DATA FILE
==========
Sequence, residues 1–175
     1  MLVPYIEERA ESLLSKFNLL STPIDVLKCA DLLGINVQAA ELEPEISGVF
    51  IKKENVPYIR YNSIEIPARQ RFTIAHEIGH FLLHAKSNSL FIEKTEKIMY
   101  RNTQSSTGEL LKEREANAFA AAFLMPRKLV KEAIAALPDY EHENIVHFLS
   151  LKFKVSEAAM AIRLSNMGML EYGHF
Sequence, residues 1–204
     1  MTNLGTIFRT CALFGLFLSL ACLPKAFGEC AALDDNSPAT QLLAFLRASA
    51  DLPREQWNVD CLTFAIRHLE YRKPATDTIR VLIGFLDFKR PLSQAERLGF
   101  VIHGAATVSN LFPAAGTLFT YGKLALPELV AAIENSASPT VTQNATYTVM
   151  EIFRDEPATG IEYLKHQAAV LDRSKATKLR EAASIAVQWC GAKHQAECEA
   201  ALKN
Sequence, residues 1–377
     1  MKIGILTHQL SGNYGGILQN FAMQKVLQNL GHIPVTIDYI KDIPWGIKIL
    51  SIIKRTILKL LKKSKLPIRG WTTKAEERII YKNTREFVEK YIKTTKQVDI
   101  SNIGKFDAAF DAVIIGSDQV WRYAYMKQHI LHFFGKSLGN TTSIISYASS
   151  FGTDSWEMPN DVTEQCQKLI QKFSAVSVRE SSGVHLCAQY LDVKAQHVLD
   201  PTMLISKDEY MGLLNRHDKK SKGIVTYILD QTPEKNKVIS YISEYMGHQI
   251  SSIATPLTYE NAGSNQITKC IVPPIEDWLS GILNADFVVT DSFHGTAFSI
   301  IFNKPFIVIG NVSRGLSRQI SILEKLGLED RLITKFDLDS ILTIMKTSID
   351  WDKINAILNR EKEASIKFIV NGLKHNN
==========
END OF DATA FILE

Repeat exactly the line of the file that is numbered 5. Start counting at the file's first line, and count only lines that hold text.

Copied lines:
   151  LKFKVSEAAM AIRLSNMGML EYGHF